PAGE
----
Thursday, September 3, 2009

Newspaper column

I no longer live in a house. I live in a toy store.

I remember the days when my beautiful decorative baskets were filled with the latest issues of Bon Appetit magazine instead of overflowing with colorful plastic apparatuses that beep and sing if I bump into them.

I remember when I could walk from one end of my living room to the other without having to step over a knee-high kitchen.

I remember when the only lawn mower we owned cut grass instead of blowing bubbles.

Those days are long gone.

When we bought our house three years ago, my husband and I spent months getting everything exactly the way we wanted it. We changed light fixtures, took down a drop ceiling, painted nearly every surface and even replastered walls.

And when I wasn’t wielding tools or a paintbrush, I was scouring stores and Web sites to find exactly the right accessories to decorate each room. I painstakingly selected picture frames, throw pillows, wall hangings, mirrors and wreaths that would complement each other.

It took a lot of work, but we were proud of the result.

Then our daughter came along — with all of the inevitable stuff that follows.

At first, the toys were contained to her room, but the creep was slow and steady. A bear would find its way down the hall and into the bathroom or a doll ended up downstairs after getting flung over the gate.

Now there isn’t a room untouched.

Our once spa retreat-inspired bathroom has a giant green frog tub scoop suctioned to the shower tiles.

Our office has a toy chest that barely shuts. And the door should have a warning sign that reads “BEWARE OF THE BLOCKS.”

Our dining room often hosts dinner parties for very important guests like Elmo, Brobee and a yellow bear amusement park prize appropriately named Cheesey.

When a contractor working on a foreclosed house in the neighboorhood recently knocked and asked to use our bathroom, I welcomed him in with the warning to watch his step.

On his way out, he complimented our place.

“It’s really nice in here,” he said.

I thanked him, but added that it used to look a lot nicer while gesturing to the tiny cookware set sprawled all over the couch and the little piles that have collected in the corners.

As a father of two teens, he just gave a knowing smile. Then we shared a laugh as I walked him out.

The whole thing got me thinking. I might not have a magazine-perfect house anymore. There are things in each room that a real estate agent would tell me to get rid of before trying to sell. And a TV decorating team would gasp in horror, ready to pounce into a sleek redesign.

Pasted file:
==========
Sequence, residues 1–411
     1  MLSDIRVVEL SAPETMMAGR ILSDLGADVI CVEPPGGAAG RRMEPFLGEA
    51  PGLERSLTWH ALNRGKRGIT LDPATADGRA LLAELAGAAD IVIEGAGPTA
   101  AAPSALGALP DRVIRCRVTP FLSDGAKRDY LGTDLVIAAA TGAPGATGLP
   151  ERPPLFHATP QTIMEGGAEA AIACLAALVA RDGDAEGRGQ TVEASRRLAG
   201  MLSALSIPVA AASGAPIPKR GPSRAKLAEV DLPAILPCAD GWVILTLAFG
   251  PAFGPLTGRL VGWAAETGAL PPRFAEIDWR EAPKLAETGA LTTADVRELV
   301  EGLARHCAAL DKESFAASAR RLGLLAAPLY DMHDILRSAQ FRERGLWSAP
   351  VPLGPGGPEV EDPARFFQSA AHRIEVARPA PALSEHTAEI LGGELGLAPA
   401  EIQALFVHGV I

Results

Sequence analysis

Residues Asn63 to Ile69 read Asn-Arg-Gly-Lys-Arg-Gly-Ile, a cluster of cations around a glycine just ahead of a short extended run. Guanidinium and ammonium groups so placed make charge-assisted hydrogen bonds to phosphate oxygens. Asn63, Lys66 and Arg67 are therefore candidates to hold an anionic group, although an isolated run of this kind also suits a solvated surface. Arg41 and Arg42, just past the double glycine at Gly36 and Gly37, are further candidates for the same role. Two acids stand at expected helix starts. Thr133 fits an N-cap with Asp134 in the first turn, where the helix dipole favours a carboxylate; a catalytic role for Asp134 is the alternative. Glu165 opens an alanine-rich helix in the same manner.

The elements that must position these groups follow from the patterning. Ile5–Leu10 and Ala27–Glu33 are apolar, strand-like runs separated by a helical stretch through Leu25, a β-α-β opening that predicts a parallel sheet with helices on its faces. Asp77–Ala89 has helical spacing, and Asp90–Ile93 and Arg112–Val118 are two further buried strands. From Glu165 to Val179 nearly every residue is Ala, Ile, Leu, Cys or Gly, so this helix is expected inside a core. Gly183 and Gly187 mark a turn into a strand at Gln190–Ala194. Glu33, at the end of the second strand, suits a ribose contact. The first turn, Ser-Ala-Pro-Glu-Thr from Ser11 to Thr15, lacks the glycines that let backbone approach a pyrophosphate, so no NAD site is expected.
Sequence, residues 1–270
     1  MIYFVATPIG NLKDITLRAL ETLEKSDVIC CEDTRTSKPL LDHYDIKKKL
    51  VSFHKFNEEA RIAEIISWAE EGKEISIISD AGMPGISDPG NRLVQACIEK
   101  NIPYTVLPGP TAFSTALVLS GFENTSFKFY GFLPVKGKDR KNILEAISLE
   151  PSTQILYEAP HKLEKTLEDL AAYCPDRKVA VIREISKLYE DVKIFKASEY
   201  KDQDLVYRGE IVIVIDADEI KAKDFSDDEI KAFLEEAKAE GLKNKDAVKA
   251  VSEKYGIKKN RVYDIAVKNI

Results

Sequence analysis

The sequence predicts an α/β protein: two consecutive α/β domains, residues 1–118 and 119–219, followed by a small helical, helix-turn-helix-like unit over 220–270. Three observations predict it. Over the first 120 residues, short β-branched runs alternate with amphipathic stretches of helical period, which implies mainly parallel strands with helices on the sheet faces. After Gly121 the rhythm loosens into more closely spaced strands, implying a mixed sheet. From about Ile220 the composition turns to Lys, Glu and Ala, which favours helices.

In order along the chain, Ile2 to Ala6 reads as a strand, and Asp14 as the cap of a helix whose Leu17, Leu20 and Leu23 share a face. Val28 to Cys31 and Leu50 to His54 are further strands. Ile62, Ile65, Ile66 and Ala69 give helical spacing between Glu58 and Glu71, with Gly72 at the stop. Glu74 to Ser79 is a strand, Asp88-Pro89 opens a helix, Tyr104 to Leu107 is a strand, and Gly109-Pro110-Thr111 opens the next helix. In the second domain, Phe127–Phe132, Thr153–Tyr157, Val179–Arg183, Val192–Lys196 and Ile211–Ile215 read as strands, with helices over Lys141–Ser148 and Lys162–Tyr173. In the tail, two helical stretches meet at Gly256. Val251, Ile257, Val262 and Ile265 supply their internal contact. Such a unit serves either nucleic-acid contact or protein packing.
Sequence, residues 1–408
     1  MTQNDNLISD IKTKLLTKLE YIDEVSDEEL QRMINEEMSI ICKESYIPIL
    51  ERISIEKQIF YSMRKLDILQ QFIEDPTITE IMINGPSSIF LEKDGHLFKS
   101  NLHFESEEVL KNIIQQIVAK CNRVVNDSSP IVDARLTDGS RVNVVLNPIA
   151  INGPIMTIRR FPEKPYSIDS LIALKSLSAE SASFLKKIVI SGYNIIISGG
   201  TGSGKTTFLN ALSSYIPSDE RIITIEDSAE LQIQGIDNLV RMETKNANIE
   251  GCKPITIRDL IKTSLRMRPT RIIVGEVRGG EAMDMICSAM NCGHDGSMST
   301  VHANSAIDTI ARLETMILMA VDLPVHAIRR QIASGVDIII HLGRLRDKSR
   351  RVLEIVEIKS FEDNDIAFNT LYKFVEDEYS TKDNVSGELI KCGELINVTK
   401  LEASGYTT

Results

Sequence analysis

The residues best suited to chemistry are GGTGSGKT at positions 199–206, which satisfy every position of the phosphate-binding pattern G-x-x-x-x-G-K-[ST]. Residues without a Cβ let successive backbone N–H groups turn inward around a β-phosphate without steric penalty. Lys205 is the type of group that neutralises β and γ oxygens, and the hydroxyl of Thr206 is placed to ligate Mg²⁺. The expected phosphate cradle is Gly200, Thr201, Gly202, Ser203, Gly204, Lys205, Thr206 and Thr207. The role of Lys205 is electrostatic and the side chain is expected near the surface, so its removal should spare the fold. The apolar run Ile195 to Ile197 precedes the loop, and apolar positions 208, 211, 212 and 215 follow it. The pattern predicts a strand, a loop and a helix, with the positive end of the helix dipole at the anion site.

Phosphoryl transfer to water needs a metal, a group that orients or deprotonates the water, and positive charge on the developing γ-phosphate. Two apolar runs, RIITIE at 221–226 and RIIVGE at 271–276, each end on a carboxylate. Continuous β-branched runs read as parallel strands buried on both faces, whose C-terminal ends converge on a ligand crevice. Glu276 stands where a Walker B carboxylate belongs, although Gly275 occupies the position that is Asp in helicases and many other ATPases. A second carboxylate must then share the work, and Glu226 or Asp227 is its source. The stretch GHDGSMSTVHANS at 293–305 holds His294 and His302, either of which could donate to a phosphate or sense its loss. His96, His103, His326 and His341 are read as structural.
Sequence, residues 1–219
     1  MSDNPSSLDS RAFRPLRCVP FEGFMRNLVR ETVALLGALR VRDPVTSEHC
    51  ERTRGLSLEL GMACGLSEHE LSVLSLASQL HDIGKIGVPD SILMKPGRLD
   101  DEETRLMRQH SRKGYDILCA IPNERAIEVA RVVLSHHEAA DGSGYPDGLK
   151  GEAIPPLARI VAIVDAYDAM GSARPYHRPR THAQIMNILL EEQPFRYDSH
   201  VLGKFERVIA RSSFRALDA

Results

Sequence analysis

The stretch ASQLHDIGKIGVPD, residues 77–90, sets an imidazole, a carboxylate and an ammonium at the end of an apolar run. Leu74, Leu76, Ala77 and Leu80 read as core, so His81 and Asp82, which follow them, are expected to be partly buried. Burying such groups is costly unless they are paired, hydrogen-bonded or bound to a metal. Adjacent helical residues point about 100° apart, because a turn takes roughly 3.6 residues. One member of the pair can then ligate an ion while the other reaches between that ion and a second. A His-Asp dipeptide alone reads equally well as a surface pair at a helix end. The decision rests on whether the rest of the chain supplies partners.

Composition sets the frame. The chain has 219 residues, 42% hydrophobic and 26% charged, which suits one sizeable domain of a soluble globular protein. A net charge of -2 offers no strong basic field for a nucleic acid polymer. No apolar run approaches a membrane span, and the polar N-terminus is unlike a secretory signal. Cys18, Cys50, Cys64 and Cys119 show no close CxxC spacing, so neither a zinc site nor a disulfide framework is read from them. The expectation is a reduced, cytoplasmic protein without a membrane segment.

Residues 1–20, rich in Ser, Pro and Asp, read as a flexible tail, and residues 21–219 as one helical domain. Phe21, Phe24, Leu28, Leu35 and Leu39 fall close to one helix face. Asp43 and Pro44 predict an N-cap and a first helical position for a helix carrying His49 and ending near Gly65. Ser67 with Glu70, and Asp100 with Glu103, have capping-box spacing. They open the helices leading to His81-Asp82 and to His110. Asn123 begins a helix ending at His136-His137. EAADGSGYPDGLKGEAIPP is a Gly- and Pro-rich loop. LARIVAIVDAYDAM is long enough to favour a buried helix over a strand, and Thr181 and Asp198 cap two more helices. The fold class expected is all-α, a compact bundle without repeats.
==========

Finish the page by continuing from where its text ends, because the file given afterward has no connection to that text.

To me, I guess it might feel like I live in a toy store most days, but really, our house just became a home.

9 comments:

the_plainsman said...

A cool story, one of life's chapters, of how a house becomes more than a collection of rooms we live in. Well written.

Kimber said...

I'm SOOO with you! We've done our best to contain our son's toy sprawl...but I'm pretty sure it's a losing battle. We replaced a rod iron/tile coffee table with a huge padded toy chest in our family room...but there's still a basket full of toys in the corner. The collection of pottery that once sat on our fireplace is now in storage and a large comforter covers the entire base to pad inevitable falls. :) But, I wouldn't change any of it.

Fit Mama said...

too true... we try to banish the toys to the corners after bedtime, but it's really a lost cause :)

Ray said...

That last sentence was so sweet. ;o)

On another note: A BIG HAPPY BIRTHDAY SHOUTOUT TO "JERRY!!!" That birthday Jerryism was great. =D

Jennifer Suarez said...

You hit it right on the nose with you last line! You gave me a big smile with that one, and as a parent, I totally understand what its like to live in a toy store too. Thank GOD for the playroom!!

nikbv said...

Yeah, children will do that to a place.

Candi said...

Kelly,

You are so right. We were expecting our second baby and lost it about four weeks ago. My oldest is a little older than Allison (he turned 2 a month ago) and you come to appreciate every magnet-alphabet-letter, every little ball rolling around in the floor, every car you step on, and all of the mountains of bath toys you have to navigate through to take a shower.

They are priceless, and nothing makes a house a home like the presence of children.

Kristin said...

I think it would be neat to see these newspaper columns in an actual newspaper. I think if I ever go to Pennsylvania for some reason, I'll definitely have to pick one up somewhere.

leogoddess59 said...

heh, my daughter has two little boys, aged 8 and 6....enough said